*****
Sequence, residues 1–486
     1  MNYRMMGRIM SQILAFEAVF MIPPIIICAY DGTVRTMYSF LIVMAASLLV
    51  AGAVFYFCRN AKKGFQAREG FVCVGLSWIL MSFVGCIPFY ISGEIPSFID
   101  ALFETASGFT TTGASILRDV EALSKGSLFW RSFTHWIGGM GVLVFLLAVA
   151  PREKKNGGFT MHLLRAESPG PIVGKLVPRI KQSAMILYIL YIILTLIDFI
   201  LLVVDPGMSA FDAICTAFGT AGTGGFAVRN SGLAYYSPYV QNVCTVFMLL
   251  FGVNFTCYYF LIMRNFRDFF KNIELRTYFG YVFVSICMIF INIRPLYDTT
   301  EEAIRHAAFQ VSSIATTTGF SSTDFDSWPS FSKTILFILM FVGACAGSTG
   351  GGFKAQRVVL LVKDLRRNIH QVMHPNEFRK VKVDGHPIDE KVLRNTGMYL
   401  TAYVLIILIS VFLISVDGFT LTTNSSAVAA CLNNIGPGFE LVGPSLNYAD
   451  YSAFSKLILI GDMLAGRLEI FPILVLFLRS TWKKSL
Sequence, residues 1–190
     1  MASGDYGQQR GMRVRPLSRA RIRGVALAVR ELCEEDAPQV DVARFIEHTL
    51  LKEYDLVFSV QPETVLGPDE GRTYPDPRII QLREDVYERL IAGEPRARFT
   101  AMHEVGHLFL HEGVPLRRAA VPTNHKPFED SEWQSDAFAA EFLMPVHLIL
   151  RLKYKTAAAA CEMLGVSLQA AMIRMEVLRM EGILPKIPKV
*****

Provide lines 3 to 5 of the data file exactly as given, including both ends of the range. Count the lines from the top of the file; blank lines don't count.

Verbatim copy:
    51  AGAVFYFCRN AKKGFQAREG FVCVGLSWIL MSFVGCIPFY ISGEIPSFID
   101  ALFETASGFT TTGASILRDV EALSKGSLFW RSFTHWIGGM GVLVFLLAVA
   151  PREKKNGGFT MHLLRAESPG PIVGKLVPRI KQSAMILYIL YIILTLIDFI